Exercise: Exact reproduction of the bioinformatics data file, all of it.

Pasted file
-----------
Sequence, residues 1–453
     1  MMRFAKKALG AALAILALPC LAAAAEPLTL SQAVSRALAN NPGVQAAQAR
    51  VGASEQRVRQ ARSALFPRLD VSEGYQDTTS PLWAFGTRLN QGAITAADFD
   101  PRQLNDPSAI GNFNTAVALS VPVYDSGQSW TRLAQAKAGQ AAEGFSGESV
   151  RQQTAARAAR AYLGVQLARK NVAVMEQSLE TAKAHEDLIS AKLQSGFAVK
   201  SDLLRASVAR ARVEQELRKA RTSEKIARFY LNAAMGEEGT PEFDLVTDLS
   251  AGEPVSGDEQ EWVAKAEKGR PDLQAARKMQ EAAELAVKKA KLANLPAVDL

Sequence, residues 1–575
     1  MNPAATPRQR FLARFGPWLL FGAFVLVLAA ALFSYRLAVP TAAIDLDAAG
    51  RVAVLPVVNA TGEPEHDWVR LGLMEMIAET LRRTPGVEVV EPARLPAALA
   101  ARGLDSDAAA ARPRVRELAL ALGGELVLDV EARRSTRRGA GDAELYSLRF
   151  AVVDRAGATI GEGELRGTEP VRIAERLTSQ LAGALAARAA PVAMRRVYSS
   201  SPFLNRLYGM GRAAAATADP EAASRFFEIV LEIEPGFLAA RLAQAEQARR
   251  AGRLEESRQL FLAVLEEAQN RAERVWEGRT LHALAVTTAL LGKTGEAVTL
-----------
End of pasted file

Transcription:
Sequence, residues 1–453
     1  MMRFAKKALG AALAILALPC LAAAAEPLTL SQAVSRALAN NPGVQAAQAR
    51  VGASEQRVRQ ARSALFPRLD VSEGYQDTTS PLWAFGTRLN QGAITAADFD
   101  PRQLNDPSAI GNFNTAVALS VPVYDSGQSW TRLAQAKAGQ AAEGFSGESV
   151  RQQTAARAAR AYLGVQLARK NVAVMEQSLE TAKAHEDLIS AKLQSGFAVK
   201  SDLLRASVAR ARVEQELRKA RTSEKIARFY LNAAMGEEGT PEFDLVTDLS
   251  AGEPVSGDEQ EWVAKAEKGR PDLQAARKMQ EAAELAVKKA KLANLPAVDL

Sequence, residues 1–575
     1  MNPAATPRQR FLARFGPWLL FGAFVLVLAA ALFSYRLAVP TAAIDLDAAG
    51  RVAVLPVVNA TGEPEHDWVR LGLMEMIAET LRRTPGVEVV EPARLPAALA
   101  ARGLDSDAAA ARPRVRELAL ALGGELVLDV EARRSTRRGA GDAELYSLRF
   151  AVVDRAGATI GEGELRGTEP VRIAERLTSQ LAGALAARAA PVAMRRVYSS
   201  SPFLNRLYGM GRAAAATADP EAASRFFEIV LEIEPGFLAA RLAQAEQARR
   251  AGRLEESRQL FLAVLEEAQN RAERVWEGRT LHALAVTTAL LGKTGEAVTL